452 F3d 25 Indian Motocycle Company Inc v. M

452 F.3d 25

In re INDIAN MOTOCYCLE COMPANY, INC.; Indian Motocycle Apparel and Accessories Company, Inc.; Indian Motocycle Manufacturing Company, Inc.; The Receivership Estate of Indian Motocycle Manufacturing, Inc., Debtors.
Sterling Consulting Corporation, Receiver, Plaintiff, Appellee,
Internal Revenue Service, Defendant, Appellant,
Stephen M. Rodolakis, Trustee, Defendant.
Sterling Consulting Corporation, Receiver, Plaintiff, Appellee,
United States of America, Claimant, Appellant,
Stephen M. Rodolakis, Trustee; Michael Mandelman, Defendants.

No. 03-1809.

No. 05-1474.

No. 03-2210.

United States Court of Appeals, First Circuit.

Heard May 3, 2006.

Decided June 23, 2006.

Peter Sklarew, Tax Division, Department of Justice, with whom Eileen J. O'Connor, Assistant Attorney General, Thomas J. Clark and Kenneth W. Rosenberg, Attorneys, Tax Division, Department of Justice, and Michael J. Sullivan, United States Attorney, were on brief for appellant.

Before BOUDIN, Chief Judge, COFFIN, Senior Circuit Judge, and SELYA, Circuit Judge.

BOUDIN, Chief Judge.

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Before us are appeals by the United States on a single narrow issue—a sanction determination—made in a complex, long-enduring matter arising in the Bankruptcy Court for the District of Massachusetts. The bankruptcy encompassed three related companies, each using the phrase "Indian Motocycle" in its name. The matter has been pending since the early 1990s and now appears to be resolved save for the present appeals.


The bankruptcy litigation was complicated by the fact that an unrelated corporation, whose name also included the phrase "Indian Motocycle," entered receivership in the federal district court in Colorado. Thereafter, the Colorado receiver and the Massachusetts bankruptcy trustee litigated against each other, primarily over rights to the Indian Motocycle trademark. A 1999 settlement between them led in turn to disputes with the Internal Revenue Service ("IRS") as to the respective taxes due from the receivership and bankruptcy estates following the sale of assets.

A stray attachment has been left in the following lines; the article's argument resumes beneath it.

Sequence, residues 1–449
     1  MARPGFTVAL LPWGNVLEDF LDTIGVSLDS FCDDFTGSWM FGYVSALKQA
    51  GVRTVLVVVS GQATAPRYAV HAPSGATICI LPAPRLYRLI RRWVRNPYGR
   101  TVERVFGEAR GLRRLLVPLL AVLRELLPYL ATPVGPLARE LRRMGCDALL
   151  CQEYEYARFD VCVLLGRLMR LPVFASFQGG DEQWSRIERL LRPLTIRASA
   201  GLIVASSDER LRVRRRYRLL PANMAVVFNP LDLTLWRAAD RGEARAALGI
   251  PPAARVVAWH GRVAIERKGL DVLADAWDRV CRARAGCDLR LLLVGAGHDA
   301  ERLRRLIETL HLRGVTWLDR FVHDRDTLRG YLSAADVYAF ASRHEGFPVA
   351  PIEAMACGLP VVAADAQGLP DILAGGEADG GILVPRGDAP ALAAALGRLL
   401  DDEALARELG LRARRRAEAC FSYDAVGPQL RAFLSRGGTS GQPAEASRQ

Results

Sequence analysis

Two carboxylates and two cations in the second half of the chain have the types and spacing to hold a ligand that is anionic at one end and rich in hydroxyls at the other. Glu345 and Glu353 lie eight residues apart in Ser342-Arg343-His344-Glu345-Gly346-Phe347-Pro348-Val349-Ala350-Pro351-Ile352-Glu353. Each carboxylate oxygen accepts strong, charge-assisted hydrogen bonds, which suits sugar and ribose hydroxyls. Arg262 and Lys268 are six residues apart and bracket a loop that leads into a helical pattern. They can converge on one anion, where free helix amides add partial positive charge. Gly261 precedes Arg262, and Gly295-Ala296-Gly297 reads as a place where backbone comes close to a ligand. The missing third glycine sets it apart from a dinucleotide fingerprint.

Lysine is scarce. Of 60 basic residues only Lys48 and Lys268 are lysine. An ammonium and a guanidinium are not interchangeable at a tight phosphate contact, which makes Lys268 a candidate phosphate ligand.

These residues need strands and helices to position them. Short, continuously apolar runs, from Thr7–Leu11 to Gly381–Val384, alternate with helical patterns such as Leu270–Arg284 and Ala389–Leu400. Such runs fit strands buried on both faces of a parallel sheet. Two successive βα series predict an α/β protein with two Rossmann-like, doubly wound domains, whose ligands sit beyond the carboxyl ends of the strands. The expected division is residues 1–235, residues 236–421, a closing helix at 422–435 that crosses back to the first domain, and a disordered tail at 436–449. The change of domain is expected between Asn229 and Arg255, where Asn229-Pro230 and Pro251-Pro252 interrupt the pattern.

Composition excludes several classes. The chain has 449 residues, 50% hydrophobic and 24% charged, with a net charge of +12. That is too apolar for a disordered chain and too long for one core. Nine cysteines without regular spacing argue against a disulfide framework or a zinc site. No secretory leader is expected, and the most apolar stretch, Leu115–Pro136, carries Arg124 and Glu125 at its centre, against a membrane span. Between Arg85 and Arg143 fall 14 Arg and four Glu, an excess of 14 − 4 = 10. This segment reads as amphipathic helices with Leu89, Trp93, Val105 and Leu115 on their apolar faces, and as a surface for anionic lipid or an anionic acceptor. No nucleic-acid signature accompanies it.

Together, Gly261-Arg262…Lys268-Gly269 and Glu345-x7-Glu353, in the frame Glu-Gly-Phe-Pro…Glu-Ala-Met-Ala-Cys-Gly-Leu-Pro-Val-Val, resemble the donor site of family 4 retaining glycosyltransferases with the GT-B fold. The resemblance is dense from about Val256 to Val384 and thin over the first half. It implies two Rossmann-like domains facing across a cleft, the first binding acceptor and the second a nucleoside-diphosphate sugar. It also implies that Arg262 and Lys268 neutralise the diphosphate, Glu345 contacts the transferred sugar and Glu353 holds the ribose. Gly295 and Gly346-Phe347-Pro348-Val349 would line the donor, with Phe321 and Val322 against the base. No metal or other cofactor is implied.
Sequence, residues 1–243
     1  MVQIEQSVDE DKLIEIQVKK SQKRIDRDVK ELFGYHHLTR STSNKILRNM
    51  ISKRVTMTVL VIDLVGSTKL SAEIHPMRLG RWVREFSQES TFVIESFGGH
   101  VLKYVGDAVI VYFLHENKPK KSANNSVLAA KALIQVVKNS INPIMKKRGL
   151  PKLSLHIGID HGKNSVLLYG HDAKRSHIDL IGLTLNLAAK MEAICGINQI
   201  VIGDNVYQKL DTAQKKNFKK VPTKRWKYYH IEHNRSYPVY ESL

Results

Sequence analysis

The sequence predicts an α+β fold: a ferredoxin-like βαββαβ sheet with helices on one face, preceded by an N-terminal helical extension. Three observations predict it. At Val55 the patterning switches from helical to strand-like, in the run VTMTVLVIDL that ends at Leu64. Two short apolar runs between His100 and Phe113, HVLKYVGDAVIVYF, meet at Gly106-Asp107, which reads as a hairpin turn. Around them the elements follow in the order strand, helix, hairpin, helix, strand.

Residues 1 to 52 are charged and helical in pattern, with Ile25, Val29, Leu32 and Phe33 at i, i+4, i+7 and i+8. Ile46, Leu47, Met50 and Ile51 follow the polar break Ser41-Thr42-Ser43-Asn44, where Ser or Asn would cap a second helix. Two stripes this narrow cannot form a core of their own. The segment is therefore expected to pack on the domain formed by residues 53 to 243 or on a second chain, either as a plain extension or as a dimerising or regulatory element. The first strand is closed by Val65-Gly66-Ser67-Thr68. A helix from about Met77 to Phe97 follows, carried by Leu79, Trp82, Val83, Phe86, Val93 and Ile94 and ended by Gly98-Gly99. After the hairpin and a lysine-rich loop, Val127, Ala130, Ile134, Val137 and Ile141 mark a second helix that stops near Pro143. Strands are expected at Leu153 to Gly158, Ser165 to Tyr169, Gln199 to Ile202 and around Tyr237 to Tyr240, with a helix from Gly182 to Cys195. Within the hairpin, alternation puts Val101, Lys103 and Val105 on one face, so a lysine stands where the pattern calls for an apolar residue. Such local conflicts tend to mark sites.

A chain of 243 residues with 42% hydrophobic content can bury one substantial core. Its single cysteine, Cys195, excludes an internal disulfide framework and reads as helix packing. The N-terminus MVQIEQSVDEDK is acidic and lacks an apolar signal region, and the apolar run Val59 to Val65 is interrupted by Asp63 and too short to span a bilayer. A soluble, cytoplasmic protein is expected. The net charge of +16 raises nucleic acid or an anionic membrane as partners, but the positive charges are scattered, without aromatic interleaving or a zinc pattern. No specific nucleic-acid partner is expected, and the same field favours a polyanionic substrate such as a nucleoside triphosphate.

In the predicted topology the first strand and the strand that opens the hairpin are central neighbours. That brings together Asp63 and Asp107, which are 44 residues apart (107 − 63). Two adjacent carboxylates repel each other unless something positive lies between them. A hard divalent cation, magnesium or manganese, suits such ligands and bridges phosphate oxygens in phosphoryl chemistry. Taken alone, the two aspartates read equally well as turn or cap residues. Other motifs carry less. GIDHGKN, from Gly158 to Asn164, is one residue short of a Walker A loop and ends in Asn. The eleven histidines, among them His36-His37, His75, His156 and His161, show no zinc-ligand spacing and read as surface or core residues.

A central issue in the dispute with the IRS was the proper allocation of income as between the two sets of parties-the receivership and the bankruptcy estates. To assure a consistent outcome, the receivership case was transferred to the District of Massachusetts, the order of reference of the bankruptcy proceedings to the bankruptcy court was withdrawn, and matters in both the bankruptcy proceedings and the receivership were assigned to the same Massachusetts district judge, who assumed direct supervision of all matters.


Thereafter, the district court took issue with the IRS's maintenance of different and inconsistent tax assessments asserted against the respective parties-an approach that the IRS claimed to be necessary to protect its own interests until a final adjudication as to the proper allocation permitted a final set of assessments adding up to no more than 100 percent of the total taxes due on the asset sale.


The disagreement culminated in a decision by the district court dated January 29, 2003. In re Indian Motocycle Mfg. Co., 288 B.R. 617 (2003). In the course of that decision (covering a host of other, unrelated matters), the district court addressed not only the inconsistent assessments made by the IRS but also the then-recent revelation by government counsel that the IRS and the trustee were going to seek approval by the Attorney General of a settlement between the IRS and the trustee, mooting further litigation between them.


In the January 29 decision, the district court declared that the proposed settlement was "evidence that the IRS is continuing its efforts to delay proceedings and impose heavy burdens on anyone impeding its efforts"; that any prospect of rapid approval by the Attorney General was unlikely; that this was "another step of continuing to argue that the IRS is entitled to maintain inconsistent positions" indefinitely; and that this further evidenced an IRS "strategy of delay for the purpose of frustrating" judicial efforts to bring the controversies to a resolution. In re Indian Motocycle, 288 B.R. at 634.